Opinion: Integration needs bold steps, not populist rhetoric | Germany | News and in-depth reporting from Berlin and beyond | DW | 28.02.2011

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Opinion: Integration needs bold steps, not populist rhetoric

Turkish Prime Minister Erdogan has sparked angry reactions with his controversial speech about integration. But DW's Baheddin Güngör says bold steps, not populist rhetoric, are needed to address integration policy.


During his visit to Germany, Turkish Prime Minister Recep Tayyip Erdogan has unleashed a wave of angry reactions within the German political scene. Erdogan said Turkish children living in Germany should learn Turkish first, then German - directly contradicting Berlin's stance that the German language is the key to integration.

The Turkish prime minister called for integration, but rejected assimilation, which he believes would impair the cultural identity of Turks living in Germany. Erdogan has also cleverly cautioned against Islamophobia whilst drawing comparisons to anti-Semitism, referring to it as a "crime against humanity."

Erdogan has profited from many years of mistakes in Germany's integration policy. The fact that most Turks fly the Turkish flag and only a few fly the European flag or the German and Turkish flags together says a lot. But one of each of the three flags sat on the chairs in the room.

Bahaeddin Güngör

Bahaeddin Güngör, head of DW's Turkish department

The nationwide integration chaos must be ended as soon as possible. But brave decisions are necessary while abandoning anti-Turkish action in election campaigns, of which there is no shortage in Germany. Otherwise the gap between the German majority in society and the Turks will get steadily wider, regardless of whether they were born here and are settled in.

It shouldn't be that President Christian Wulff is represented on the front cover of magazines like an Islamic leader, just because he described Islam as a reality in Germany. It shouldn't be that hate is preached in the German media and that Turks and Islam are misrepresented, while the benefits of the overwhelming majority of integrated people are swept under the carpet.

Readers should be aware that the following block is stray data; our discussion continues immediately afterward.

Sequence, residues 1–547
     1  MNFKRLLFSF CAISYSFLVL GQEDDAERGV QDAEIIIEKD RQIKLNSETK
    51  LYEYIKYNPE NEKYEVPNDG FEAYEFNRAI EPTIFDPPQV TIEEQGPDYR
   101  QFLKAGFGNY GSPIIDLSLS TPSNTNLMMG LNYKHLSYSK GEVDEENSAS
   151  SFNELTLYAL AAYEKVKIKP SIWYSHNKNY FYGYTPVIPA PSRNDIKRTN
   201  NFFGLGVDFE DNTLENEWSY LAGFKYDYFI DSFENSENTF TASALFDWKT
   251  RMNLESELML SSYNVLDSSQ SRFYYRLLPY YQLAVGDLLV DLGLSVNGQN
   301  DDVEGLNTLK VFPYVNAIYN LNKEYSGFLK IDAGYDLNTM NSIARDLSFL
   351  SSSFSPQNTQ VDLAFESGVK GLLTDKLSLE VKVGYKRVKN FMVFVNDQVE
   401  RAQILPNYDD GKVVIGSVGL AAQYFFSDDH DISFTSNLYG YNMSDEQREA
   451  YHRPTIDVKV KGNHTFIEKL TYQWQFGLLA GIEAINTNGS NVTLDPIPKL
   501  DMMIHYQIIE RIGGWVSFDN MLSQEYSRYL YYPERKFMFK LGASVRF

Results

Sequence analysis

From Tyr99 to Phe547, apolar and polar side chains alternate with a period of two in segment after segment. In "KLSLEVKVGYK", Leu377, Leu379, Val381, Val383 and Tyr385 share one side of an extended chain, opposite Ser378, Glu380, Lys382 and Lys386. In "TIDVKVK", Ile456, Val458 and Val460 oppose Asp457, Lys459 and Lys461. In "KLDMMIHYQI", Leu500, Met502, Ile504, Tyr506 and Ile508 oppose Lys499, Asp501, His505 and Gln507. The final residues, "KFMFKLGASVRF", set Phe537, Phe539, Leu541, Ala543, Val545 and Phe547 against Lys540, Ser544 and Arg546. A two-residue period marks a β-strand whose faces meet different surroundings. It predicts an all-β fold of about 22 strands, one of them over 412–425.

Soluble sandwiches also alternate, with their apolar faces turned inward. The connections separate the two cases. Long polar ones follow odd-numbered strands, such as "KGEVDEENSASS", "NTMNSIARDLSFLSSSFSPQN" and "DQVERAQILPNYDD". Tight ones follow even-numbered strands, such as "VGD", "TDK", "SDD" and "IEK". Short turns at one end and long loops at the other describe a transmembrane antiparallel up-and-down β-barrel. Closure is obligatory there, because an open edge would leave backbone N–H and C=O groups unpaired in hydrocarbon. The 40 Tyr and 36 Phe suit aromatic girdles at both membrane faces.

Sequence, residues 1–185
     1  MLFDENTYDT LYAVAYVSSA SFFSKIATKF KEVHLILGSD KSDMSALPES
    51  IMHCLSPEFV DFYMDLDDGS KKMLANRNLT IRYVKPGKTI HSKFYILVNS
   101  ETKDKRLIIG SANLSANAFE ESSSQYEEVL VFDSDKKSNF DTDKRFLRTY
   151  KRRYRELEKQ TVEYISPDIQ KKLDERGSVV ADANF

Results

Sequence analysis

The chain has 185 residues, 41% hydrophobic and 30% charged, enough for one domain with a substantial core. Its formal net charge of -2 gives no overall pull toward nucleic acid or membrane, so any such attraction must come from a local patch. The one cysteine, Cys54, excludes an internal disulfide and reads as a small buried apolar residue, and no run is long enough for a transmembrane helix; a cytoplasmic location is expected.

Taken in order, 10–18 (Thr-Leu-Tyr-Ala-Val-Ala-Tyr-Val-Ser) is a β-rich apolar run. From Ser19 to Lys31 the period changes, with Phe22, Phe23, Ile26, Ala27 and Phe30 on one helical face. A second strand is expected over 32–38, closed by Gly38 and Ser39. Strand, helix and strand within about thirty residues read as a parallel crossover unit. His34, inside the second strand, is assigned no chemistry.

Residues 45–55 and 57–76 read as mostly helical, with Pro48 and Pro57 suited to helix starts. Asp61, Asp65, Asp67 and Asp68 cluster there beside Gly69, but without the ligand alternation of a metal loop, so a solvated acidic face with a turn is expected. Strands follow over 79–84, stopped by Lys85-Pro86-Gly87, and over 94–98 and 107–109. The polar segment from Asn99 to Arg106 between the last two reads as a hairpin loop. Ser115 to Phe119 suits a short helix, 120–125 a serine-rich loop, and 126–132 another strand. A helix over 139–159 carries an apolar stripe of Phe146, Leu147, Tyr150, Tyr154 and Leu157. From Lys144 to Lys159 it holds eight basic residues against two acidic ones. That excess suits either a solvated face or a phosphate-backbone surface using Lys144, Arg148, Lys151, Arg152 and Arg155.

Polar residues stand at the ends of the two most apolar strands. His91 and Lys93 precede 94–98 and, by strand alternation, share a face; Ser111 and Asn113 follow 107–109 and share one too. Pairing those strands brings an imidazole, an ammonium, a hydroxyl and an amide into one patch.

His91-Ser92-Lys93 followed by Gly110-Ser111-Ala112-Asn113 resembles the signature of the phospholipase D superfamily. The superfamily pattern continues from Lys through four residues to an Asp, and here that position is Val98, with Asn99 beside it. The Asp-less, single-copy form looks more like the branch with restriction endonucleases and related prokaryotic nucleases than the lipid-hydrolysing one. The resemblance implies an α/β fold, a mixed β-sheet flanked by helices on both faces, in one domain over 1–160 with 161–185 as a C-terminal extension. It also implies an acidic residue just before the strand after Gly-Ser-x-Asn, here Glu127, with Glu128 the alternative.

EU needs political integrity

Turks should not be harassed when applying for an entry visa to be reunited with their families. They should not be discriminated against to the point of insult while people from other countries outside of the EU can travel in and out of Germany without a problem. And we cannot let Turkey's EU ambitions - based on treaties and other agreements - to be constantly called into question, simply because the Turks have different cultural or religious roots. That is unless the EU characterizes itself as a Christian club and foregoes the claim to be a political union based on common contemporary values.

The many integration summits and Islam conferences that take place in Berlin do not offer a sound foundation for effective policy. The federal government and states have to change direction. Issues like dual citizenship, the right to vote in Germany - at least at the municipal level - or the relaxation of entry visa requirements demands a courageous approach. Politicians must quit taking positions only for political gain.

No one should wonder, then, when Erdogan is celebrated as prime minister of all Turks living in Germany. Despite such events, well-integrated Turks are by far in the majority. Yet their desires cannot find an audience in Germany's political landscape. The integration debate reached the highest level of alarm long before Erdogan made an appearance in Dusseldorf.

Author: Bahaeddin Güngör, head of DW's Turkish department / dfm
Editor: Andreas Illmer

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